1, Yes more set up time. With graduated Lee type filters you can move them up and down as needed to get the exact exposure you need. You can stack these and place them at different angles to take the light down on a slope or say the side of a mountain. You can stack them with less fear of vignette. They are much more usable. They are expensive and they take take more time.
2, Technology is good and there are things you can do as others have said, but getting it right at the camera is always better.

I would go for the TSE 24mm or the Zeiss 21mm.

jimjamesjimmy

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Re: Lens and filter options for landscape photography
« Reply #10 on: October 16, 2012, 09:57:19 PM »
a 5d 3, 5 awesome lenses and considering buying more gear, yet not sure what a nd grad filter does? 

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Re: Lens and filter options for landscape photography
« Reply #11 on: October 17, 2012, 01:06:10 AM »
ND Grads, HDR, spot burning/dodging (NIK Vivesa for example), and all out PS layer blending are all reasonable techniques based on situation.

My preference is ND Grads where possible.  It is, as you said, expensive and time consuming.  Its not something to pull out if you are with family or friends who just want to take the shot and move on.  Using ND Grads means working the scene.  But if you have the time and the budget -  the results are worth it.

However sometimes the geometry of the subject or composition does not work with filters.  Then its the software tools. 

I tend to first look at Photoshop or if its minor like shadows, NIK Vivesa first.  Layering for the big areas; Vivesa burns/dodges for the smaller areas.  Before anything else, make sure you have done all you can with LR / Aperture, etc to have a good source and an best-case histogram.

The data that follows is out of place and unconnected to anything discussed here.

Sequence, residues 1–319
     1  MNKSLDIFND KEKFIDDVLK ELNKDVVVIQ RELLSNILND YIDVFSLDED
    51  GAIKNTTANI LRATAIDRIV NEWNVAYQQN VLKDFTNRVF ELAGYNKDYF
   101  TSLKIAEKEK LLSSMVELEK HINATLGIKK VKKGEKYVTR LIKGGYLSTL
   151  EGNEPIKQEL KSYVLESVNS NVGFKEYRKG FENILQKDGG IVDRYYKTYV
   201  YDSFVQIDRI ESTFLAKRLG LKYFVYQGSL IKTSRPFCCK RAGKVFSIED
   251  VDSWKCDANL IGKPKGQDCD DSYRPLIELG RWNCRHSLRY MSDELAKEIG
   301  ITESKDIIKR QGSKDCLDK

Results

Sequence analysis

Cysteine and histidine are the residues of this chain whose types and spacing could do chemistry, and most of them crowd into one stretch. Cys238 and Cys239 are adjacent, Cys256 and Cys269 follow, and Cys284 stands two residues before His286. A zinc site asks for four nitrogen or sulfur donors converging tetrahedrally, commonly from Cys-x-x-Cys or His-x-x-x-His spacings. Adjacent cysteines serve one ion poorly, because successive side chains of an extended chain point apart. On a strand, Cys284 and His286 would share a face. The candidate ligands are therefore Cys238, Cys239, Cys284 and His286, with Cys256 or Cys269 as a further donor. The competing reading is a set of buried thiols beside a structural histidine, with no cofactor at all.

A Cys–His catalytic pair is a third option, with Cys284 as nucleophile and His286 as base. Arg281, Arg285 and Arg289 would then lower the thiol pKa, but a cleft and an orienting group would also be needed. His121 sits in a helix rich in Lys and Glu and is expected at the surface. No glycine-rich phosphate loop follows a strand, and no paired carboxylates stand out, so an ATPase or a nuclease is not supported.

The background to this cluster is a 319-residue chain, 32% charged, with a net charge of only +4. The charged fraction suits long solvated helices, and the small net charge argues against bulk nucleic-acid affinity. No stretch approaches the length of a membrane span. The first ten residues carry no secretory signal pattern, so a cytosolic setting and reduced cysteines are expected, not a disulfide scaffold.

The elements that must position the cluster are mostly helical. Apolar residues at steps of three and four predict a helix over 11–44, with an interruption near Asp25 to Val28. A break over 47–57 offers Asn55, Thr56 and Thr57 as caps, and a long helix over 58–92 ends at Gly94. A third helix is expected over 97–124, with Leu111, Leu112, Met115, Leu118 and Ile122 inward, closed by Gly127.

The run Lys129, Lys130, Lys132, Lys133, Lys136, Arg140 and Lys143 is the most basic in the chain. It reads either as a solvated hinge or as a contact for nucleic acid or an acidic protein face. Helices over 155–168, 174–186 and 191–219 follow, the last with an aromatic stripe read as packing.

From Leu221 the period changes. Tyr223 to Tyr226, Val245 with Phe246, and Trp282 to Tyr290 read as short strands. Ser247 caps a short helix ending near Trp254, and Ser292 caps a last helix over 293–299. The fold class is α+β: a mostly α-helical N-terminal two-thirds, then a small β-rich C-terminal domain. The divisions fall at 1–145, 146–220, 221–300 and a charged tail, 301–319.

If HDR is the only way, I might want to question the photograph first.  Most HDR unfortunately will end up looking unnatural.  Its very hard to be subtle; tho sometimes it can be a neat look if that is your intent.

All that said, in the right, experienced, skilled hands, HDR can work for many situations.
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Re: Lens and filter options for landscape photography
« Reply #12 on: October 17, 2012, 04:08:33 AM »
I'll start with the easier angle. I recently sold my 17-40, because I rarely found a use for it after getting a full frame camera, it was simply too wide for the type of landscapes I usually shoot. I would therefore suggest something in the 24mm sort of range, particularly as you also mentioned finding your 14mm too wide. I also wouldn't rule out the 24mm L f/1.4 MkII, it's just as sharp as the 24mm TS/E and Zeiss 21mm when stopped down beyond f/2.8 according to data I've seen. It's certainly sharp enough for me and is in a totally different league to the 24-105. It's also cheaper than the TS/E and probably slightly cheaper than the Zeiss. I went through a similar decisions making process over the past couple of years and after a protracted period, went for the conventional 24mm because of its potential for Aurora photorgaphy and not for any useage or technical reasons. All three lenses are about the best you can get in that range and there is very little difference between the three in terms of image quality. The Zeiss probably has a look that many prefer, the conventional 24mm can be used for low light photography and not just landscapes and the TS/E of  course is useful for shorter exposures and can be used more in the aperture sweet spot when tilted.